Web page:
In a first, but indirect, comparison of the 3 available formulations of amantadine for the treatment of Parkinson disease, only the delayed-release/extended-release formulation (Gocovri) resulted in improvements in both in OFF time and dyskinesia.
Results of an indirect treatment comparison of the 3 available formulations of amantadine—immediate-release tablets, immediate-release/extended-release tablets (Osmolex; Supernus Pharmaceuticals), delayed-release/extended-release capsules (Gocvori; Adamas/Supernus)—suggest that only treatment with the delayed-release/extended-release capsules resulted in significant improvements in both in OFF time and dyskinesia among patients with Parkinson disease (PD).1
Ultimately, the investigators, including Wolfgang H. Oertel, MD, PhD, professor of neurology, Hertie Senior Research Professor, Philips University of Marburg, concluded that the results of this assessment warrant further exploration. “The improvements seen with amantadine [delayed-release/extended-release] could have resulted from the high early morning amantadine concentrations not observed for the other two formulations,” Oertel et al wrote.
The results were presented in a poster at the 2022 Advanced Therapeutics in Movement and Related Disorders (ATMRD) Congress in Washington, DC, June 17-19. Using predicted multiple-dose pharmacokinetic profiles of the different formulations, amantadine delayed-release/extended-release—administered in a dose of 274 mg at 10:00 PM—showed a markedly higher concentration between the hours of 6:00 AM and 10:00 AM, above 1200 ng/mL.
“The bedtime administration of amantadine [delayed-release/extended-release] provided significantly higher concentrations in the morning hours (6:00-10:00 AM) than morning-administered amantadine [immediate-release/extended-release] or amantadine [immediate-release] administered 2 to 3 times per day,” Oertel and colleagues wrote. They also noted that, additionally, the dissolution profiles of the 3 amantadine formulations were consistent with the curves displayed in the pharmacokinetic modeling.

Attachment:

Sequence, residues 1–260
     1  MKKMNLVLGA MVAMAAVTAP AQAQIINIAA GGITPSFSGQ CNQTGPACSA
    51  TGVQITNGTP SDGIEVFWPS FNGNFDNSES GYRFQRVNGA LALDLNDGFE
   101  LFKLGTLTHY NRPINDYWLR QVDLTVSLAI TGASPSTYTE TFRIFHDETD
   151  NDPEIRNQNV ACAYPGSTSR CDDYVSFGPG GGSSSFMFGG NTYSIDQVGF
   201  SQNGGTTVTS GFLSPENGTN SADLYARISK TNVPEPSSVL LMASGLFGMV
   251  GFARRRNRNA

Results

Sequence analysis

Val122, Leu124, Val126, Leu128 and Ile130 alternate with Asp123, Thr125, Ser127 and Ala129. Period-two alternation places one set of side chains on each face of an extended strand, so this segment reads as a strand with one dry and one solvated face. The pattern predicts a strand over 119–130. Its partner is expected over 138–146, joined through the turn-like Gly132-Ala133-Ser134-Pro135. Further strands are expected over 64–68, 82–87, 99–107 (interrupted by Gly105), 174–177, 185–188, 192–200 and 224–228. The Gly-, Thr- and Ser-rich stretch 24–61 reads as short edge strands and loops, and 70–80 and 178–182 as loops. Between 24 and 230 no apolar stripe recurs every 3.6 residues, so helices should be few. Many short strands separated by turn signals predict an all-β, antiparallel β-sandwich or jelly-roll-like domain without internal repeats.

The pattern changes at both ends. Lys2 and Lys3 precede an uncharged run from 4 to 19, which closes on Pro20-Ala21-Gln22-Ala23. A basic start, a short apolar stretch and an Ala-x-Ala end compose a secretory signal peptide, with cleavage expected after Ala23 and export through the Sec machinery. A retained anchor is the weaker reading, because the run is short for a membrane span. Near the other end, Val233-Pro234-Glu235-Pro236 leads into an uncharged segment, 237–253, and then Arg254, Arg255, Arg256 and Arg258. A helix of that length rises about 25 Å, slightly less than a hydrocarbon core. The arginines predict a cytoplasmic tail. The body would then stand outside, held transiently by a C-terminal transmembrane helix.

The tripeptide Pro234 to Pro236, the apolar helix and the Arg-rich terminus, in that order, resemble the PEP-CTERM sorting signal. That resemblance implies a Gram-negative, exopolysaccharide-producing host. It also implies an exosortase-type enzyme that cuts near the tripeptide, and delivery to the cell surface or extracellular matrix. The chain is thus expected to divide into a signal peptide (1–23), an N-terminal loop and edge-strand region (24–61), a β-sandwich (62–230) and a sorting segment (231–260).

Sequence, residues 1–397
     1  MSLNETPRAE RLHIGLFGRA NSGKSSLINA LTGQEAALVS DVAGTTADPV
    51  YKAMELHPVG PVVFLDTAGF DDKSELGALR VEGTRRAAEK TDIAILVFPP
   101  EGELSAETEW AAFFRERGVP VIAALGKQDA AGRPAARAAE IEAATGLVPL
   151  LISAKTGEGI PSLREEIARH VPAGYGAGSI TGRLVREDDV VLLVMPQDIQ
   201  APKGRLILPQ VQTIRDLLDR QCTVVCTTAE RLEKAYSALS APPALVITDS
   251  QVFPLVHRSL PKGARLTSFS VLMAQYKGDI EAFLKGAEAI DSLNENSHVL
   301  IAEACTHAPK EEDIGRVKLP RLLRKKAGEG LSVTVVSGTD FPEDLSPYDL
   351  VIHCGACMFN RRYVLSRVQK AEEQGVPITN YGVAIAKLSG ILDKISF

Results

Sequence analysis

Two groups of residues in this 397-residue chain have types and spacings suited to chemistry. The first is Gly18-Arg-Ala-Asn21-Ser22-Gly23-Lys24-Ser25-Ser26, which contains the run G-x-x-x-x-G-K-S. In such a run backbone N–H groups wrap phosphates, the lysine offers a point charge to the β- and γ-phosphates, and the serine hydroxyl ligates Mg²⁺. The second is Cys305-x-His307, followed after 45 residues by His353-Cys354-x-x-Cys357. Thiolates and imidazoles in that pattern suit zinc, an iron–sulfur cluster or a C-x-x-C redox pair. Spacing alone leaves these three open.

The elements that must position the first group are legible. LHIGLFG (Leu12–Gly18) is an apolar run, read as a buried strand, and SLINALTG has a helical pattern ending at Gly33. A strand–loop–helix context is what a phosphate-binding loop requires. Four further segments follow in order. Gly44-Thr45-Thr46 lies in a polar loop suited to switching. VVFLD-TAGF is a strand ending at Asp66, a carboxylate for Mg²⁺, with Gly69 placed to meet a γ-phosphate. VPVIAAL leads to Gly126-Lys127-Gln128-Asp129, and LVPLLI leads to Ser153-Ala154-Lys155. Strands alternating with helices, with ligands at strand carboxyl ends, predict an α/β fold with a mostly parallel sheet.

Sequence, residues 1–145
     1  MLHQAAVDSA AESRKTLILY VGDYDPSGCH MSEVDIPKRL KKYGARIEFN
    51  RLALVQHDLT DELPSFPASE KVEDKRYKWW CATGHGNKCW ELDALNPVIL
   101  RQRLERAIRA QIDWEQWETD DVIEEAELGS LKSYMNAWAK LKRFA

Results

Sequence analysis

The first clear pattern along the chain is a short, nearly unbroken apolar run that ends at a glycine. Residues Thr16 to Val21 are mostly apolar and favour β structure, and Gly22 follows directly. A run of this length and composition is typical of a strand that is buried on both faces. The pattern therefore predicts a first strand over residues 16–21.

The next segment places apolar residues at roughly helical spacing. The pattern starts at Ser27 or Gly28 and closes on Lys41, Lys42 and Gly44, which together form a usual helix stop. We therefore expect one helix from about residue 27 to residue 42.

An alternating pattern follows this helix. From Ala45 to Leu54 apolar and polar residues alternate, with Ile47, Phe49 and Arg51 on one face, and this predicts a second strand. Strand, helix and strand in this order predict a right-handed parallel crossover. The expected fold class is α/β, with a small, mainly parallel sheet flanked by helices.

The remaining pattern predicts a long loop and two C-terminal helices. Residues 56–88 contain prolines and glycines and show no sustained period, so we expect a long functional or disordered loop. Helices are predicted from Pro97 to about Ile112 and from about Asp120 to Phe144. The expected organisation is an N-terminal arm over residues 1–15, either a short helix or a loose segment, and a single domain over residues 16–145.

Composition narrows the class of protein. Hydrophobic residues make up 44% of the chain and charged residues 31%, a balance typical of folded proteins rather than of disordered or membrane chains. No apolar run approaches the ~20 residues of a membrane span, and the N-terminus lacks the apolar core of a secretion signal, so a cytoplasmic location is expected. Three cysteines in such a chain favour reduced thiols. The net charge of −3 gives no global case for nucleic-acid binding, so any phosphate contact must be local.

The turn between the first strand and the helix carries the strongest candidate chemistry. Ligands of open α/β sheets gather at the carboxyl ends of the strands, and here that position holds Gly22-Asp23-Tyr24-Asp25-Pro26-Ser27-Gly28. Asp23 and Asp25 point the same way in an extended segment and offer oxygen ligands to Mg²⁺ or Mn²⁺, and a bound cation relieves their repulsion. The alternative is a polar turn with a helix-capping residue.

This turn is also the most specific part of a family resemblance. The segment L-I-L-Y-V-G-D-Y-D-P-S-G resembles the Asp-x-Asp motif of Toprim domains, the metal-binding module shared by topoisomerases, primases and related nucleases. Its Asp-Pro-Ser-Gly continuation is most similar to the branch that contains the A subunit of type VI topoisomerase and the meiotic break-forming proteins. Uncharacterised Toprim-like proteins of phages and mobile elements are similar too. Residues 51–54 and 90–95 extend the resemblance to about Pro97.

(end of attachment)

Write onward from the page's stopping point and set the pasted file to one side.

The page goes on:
The assessments included a pooled dataset from 5 total studies that included 303 patients: 1 of amantadine delayed-release/extended-release (n = 100), 2 of the immediate-release/extended-release formulation (n = 150), and 2 of the immediate-release formulation (n = 53). Each of these studies included placebo groups, with a total of 218 patients in those groups. At baseline, Unified Dyskinesia Rating Scale (UDysRS) scores were 40.6 (±13.2), 40.4 (±13.3), and 30.9 (±12.5) for the delayed-release/extended-release, immediate-release/extended-release, and immediate-release formulation groups, respectively. The respective baseline OFF times were 3.0 hours (±2.3), 3.6 hours (±2.2), and 6.4 hours (±2.9).
As for efficacy in treating dyskinesia, the trio of formulations were assessed using the UDysRS scores. All told, the delayed-release/extended-release formulation showed improvement in treatment difference effects of 27.3% on UDysRS scores and 36.1% in OFF time, compared with improvements of 13.3% and 1.4%, respectively, with the immediate-release/extended-release formulation and of 16.8% and 6.4%, respectively, with the immediate-release formulation.
In hours, those results translated to reductions of 10.1 hours on UDysRS scores and 1.0 hours of OFF time with the delayed-release/extended-release formulation. For the immediate-release/extended-release formulation, there was a 5.3-hour reduction on UDysRS and a reduction 0.1 hours of OFF time, and for the immediate-release formulation, there were reductions of 5.8 hours and 0.4 hours on the same measures, respectively.
“Amantadine [immediate-release] demonstrated a significant improvement in UDysRS total score but not OFF time,” the investigators wrote. “In addition to significant reductions in OFF time and UDysRS scores, amantadine [delayed-release/extended-release] also demonstrated significant reduction in ON time with troublesome dyskinesia” though those data points were not included in the poster.